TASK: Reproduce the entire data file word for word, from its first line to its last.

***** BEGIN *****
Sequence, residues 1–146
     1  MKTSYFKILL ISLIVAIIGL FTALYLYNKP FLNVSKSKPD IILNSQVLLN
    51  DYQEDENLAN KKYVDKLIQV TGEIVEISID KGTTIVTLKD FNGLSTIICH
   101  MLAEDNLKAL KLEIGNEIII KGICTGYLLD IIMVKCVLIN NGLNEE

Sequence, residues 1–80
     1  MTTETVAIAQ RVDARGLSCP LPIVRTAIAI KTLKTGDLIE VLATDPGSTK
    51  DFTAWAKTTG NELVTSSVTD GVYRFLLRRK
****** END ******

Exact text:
Sequence, residues 1–146
     1  MKTSYFKILL ISLIVAIIGL FTALYLYNKP FLNVSKSKPD IILNSQVLLN
    51  DYQEDENLAN KKYVDKLIQV TGEIVEISID KGTTIVTLKD FNGLSTIICH
   101  MLAEDNLKAL KLEIGNEIII KGICTGYLLD IIMVKCVLIN NGLNEE

Sequence, residues 1–80
     1  MTTETVAIAQ RVDARGLSCP LPIVRTAIAI KTLKTGDLIE VLATDPGSTK
    51  DFTAWAKTTG NELVTSSVTD GVYRFLLRRK